By allowing ads to appear on this site, you support the local businesses who, in turn, support great journalism.
How you can support Gainesville's and Georgia's watershed by drinking beer
01152020 BEER.jpg
Chattahoochee Riverkeeper is teaming up with seven Georgia breweries to raise money and promote the watershed in Georgia and the Southeast. Illustration by Ethan Howard.

The cleaner the water, the better the beer.

Georgia breweries are teaming up with Chattahoochee Riverkeeper to protect the life blood of their tasty beer. 

“Not only does clean water contribute to a better product, it contributes to life and sustainability,” Nick Tanner, founder and brewmaster at Cherry Street Brewing, said. 

The Quality Beer Tour calls on seven breweries to each produce one Chattahoochee River-inspired beer. 

Each month from March through September, one brewery will release a beer and give a portion of their sales to the nonprofit’s water monitoring programs. 

Meanwhile, the breweries will host trash cleanups, paddle trips and other outings to raise awareness of Chattahoochee Riverkeeper’s efforts. 

Cherry Street brewing will kick off the initiative in March, followed by Gainesville’s Left Nut Brewing Co. in April, Wild Leap Brew Co. in May, Steady Hand Beer Co. in June, Terrapin Taproom’s ATL Brewlab in July, Pontoon Brewing Company in August and Reformation Brewery in September. 

Becca K. Powell, the nonprofit’s development director, said the beer tour is a part of Quality Hooch, a joint effort led by Chattahoochee Riverkeeper and The Orvis Company.

She said the two started the campaign in 2016. It includes starting a different watershed protection program each year, and, so far, the Quality Hooch has raised $80,000 to support Chattahoochee Riverkeeper’s mission.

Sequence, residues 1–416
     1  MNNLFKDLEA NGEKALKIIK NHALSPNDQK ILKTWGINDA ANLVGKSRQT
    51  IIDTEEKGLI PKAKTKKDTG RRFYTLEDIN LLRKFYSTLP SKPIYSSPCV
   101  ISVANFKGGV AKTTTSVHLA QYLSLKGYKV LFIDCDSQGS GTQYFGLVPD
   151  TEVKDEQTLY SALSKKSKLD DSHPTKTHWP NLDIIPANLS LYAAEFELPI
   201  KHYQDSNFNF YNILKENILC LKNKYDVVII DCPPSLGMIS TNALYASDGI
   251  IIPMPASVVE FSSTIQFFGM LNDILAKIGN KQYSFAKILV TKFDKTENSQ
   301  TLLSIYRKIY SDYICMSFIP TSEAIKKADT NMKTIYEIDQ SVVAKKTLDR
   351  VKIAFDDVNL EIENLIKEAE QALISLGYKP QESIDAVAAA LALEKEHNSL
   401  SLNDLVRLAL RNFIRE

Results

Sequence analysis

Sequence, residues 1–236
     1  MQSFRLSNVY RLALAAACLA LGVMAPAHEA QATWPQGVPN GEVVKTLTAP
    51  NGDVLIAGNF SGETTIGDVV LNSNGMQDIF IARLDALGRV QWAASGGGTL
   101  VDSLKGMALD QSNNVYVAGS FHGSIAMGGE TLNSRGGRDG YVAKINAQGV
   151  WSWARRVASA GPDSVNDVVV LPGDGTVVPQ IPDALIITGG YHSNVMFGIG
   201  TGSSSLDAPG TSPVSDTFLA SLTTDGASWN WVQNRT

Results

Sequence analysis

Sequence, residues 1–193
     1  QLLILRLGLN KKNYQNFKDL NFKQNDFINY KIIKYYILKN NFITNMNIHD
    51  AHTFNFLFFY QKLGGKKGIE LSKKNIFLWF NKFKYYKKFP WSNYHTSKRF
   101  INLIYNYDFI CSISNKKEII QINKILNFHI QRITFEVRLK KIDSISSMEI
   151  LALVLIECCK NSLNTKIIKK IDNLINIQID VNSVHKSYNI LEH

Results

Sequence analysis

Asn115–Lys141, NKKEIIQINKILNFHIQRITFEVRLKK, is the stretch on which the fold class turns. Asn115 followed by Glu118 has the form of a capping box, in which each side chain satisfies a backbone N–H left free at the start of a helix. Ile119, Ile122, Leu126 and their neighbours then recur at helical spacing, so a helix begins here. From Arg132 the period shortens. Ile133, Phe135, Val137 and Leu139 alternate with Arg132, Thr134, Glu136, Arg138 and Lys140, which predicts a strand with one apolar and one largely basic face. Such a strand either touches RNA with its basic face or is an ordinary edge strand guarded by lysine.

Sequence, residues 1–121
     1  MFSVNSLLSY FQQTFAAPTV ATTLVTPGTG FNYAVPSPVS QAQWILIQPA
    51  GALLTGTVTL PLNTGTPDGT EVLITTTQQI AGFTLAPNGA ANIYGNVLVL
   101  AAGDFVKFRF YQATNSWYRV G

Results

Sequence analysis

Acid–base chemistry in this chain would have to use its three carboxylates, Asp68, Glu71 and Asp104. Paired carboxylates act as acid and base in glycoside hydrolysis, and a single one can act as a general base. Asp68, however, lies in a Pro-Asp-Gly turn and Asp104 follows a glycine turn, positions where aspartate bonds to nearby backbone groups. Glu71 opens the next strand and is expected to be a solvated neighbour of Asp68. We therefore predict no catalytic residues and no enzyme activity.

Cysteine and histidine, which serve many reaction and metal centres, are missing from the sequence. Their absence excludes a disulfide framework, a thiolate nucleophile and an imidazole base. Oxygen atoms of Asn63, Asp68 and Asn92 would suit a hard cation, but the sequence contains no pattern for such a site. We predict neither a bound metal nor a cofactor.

For 2020, Powell said the nonprofit and retail company will turn their gazes to the communities along the Chattahoochee.

“Whether you’re fly-fishing, kayaking or shooting the Hooch, a tasty beer always makes the day that much better,” Powell told The Times. “With the craft beer industry exploding over the past five years in metro Atlanta and surrounding areas, we thought, let’s celebrate all these breweries that depend on a clean river to make their product.”

When Powell first reached out to breweries in Georgia, she expected to only host the tour in the summer. But responses flooded into her inbox, leading her to extend the initiative. 

“The big message here is community,” Powell said. “For so many years we’ve been Atlanta-centric. We want to recognize this is one big river, and a lot of people rely on it for a lot of different reasons.”

Tanner, who runs Cherry Street Brewing in Cumming, already has a beer in mind for the tour. He plans on brewing an easy-drinking blonde ale called Helen Yeah. 

The name gets its inspiration from the brewery’s annual staff retreat, which is in Helen. 

“This year, the saying of the outing was, ‘Helen Yeah,’” Tanner said. “When this opportunity arose to do this collaboration, it was only natural to call it Helen Yeah. It’s a feel good beer.”

Tanner partnered with Chattahoochee Riverkeeper for a couple of reasons. He said the nonprofit’s values aligned with Cherry Street Brewing’s mission of promoting community, sustainability and education. 

“They’re good people working hard toward what they believe in and we’d love to be a part of that,” Tanner said. “We like to reduce our carbon footprint on Earth.”

Cherry Street Brewing, located at 5810 Bond St. in Cumming, will hold its beer release party on Saturday, Feb. 29, in its taproom. The brewery’s cleanup will follow on Saturday, March 7, at the Big Creek Greenway in Forsyth. 

For more information about the Quality Beer Tour or Chattahoochee Riverkeeper’s efforts, visit chattahoochee.org.

Regional events